Say you’re stranded on an island. What three things would you want with you?
Got your items? Well done — you’ve just practiced resource management. You have a goal (to survive), and you must decide how to accomplish that goal with as few resources as possible (three items).
In business, however, it’s not always that simple. Resource management requires a thorough understanding of and transparency into your objectives and capacity. By establishing a good process for resource management planning, you’re maximizing efficiency and overseeing the utilization of those resources.
What is resource management?
So what is resource management? Resource management is the process of pre-planning, scheduling, and allocating your resources to maximize efficiency.
A resource is anything that is needed to execute a task or project — this can be the skill sets of employees or the adoption of software. For example, if you’re planning an event, a few resources include scheduling out staff for the event, planning what vendors to use for promotional materials, investing software that allows attendees to register, and budgeting for everything from giveaways to catering.
Why is resource management important?
Resource management as part of project management is all about doing more with less. Nobody likes waste, especially in business. Resource management is centered around optimization and efficiency. When you know what you need to make a project successful, you can effectively plan out the optimal way to use those resources.
To some companies, optimum efficiency is so important that they hire someone solely devoted to resource management; also known as a resource manager. What does a resource manager do? While project managers are responsible for creating and assigning tasks to get the project done, resource managers are accountable for allocating the resources needed to make the project a success.
What are the advantages to resource management?
- Avoids unforeseen hiccups: By understanding your resources upfront and planning how to use them, you can troubleshoot gaps or problems before they happen.
- Prevents burnout: Effective resource management allows you to avoid “overallocation” or “dependency” of resources by gaining insight into your team’s workload.
- Provides a safety net: Let’s say the project was not successful due to lack of resources (it happens). Resource planning and management establishes that you did everything you could with what you had.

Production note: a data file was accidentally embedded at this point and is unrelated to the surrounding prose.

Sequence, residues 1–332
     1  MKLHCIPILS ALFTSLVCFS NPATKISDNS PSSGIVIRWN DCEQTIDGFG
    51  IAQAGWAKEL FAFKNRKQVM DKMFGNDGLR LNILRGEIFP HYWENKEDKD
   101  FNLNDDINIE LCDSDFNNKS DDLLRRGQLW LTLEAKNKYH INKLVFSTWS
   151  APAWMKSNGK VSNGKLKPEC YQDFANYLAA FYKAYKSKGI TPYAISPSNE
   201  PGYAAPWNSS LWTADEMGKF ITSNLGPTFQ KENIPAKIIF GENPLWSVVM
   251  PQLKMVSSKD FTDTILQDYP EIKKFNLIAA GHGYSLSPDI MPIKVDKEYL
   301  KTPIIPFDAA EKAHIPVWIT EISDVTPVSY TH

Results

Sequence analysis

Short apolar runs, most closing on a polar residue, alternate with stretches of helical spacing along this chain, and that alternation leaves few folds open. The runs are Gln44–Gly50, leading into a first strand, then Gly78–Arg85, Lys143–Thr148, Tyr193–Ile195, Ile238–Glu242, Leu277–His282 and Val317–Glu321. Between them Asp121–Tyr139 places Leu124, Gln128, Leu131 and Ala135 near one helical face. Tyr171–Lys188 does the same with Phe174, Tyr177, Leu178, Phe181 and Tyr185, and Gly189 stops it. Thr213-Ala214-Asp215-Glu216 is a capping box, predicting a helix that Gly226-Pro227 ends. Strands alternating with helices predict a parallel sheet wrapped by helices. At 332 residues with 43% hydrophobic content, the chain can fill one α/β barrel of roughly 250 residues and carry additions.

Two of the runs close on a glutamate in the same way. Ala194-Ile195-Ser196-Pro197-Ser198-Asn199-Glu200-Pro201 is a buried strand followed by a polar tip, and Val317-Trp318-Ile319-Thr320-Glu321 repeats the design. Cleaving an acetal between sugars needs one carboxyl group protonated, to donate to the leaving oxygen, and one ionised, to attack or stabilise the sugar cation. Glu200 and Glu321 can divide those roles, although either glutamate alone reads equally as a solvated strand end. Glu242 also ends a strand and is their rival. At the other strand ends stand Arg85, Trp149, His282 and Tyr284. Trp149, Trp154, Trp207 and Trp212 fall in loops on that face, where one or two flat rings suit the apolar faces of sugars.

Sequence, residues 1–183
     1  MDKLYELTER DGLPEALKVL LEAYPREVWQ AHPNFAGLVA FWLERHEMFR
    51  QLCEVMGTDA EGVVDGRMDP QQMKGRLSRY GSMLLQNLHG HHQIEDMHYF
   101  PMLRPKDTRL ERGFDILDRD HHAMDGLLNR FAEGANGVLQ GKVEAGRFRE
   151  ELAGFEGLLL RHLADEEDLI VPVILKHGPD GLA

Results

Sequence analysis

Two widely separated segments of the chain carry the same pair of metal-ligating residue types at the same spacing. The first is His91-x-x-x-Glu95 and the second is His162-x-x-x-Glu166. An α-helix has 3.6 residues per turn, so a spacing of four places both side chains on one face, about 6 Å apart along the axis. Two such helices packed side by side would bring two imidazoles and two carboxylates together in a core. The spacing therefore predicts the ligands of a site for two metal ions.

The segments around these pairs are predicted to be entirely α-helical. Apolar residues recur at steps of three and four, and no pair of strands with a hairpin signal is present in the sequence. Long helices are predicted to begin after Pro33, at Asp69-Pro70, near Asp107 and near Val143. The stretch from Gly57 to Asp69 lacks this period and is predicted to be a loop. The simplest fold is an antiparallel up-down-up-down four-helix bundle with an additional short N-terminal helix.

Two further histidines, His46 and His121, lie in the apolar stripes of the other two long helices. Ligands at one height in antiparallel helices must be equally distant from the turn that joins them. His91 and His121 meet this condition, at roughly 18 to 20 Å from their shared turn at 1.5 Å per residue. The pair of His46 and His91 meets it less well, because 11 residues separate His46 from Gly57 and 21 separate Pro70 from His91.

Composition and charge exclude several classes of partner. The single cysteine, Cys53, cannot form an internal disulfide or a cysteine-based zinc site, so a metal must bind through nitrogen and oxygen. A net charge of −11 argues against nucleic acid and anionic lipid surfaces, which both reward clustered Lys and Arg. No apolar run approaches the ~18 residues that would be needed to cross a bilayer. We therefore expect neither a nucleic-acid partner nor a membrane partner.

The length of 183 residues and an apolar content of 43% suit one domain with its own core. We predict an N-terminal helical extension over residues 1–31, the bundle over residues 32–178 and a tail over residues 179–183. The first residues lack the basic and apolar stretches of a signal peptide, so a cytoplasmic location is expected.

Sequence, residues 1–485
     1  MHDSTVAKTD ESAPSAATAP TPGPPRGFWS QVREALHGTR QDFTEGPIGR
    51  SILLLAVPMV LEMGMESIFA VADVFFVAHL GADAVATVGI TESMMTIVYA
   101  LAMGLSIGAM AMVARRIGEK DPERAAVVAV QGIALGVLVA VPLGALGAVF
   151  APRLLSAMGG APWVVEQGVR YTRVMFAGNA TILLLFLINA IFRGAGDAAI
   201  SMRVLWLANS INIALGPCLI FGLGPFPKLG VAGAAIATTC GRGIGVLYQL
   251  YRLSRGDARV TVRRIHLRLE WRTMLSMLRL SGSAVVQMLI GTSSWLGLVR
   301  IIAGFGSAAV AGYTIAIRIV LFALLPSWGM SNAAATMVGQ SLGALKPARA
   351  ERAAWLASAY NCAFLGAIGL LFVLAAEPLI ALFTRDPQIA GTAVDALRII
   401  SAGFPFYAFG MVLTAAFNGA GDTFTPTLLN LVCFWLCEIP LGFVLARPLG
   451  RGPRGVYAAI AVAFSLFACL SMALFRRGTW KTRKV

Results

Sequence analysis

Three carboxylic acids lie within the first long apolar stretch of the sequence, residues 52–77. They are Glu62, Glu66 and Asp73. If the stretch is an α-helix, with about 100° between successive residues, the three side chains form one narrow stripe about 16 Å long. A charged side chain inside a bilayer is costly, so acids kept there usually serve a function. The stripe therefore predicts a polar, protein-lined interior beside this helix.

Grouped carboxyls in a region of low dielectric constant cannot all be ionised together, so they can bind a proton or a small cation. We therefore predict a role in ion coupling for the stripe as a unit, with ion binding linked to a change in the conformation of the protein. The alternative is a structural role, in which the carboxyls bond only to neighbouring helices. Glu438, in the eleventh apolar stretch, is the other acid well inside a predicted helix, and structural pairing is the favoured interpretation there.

- Builds transparency: Other teams can gain visibility into your team’s bandwidth, and plan accordingly if your team is at maximum capacity or available to take on new projects.
- Measures efficiency: With a high-level understanding of what’s needed to manage and execute an upcoming project, you can effectively plan and measure ROI.
What are some resource management techniques?
Now that you understand what resource management is, let’s discuss how you can start implementing it across your projects.
1. Resource Allocation
Resource allocation helps you get the most from your available resources. Based on team members’ skills and capacity, resource allocation is the process of tackling projects using the resources you have at your disposal in the most efficient manner possible.
To get a clear view into allocation, project managers will often use resource allocation reports. These can give anywhere from a high-level view to a detailed run down of resource availability — helping you avoid schedule delays and going over budget. The better the reporting capabilities at your disposal, the more transparency and efficiency you will have over your projects.
2. Resource Leveling
Another type of resource management is called resource leveling. This technique aims to discover underused or inefficiently used resources within the organization and work them to your advantage. An example of resource leveling is having a content writer who has experience in graphic design help out the design team by taking on small content tasks that require design work. If a team member can flex their design skills, the design team won’t need to hire a freelancer if they suddenly get flooded with design requests
3. Resource Forecasting
Having a resource management plan is critical to optimizing people, materials, and budget efficiency. Resource forecasting allows you to predict your future resource requirements before a project begins. During the planning stages of a project, resource forecasting determines the project’s scope, possible constraints, unforeseen costs, and potential risks.
To make these predictions, project managers must be extremely familiar with the project lifecycle and objectives, and have an overview of available resources within the organization. Project management software provides this level of visibility, as well as easy access to your projects and resources all in one place.
What are some of your favorite resource management tools?
Share your suggestions in the comments.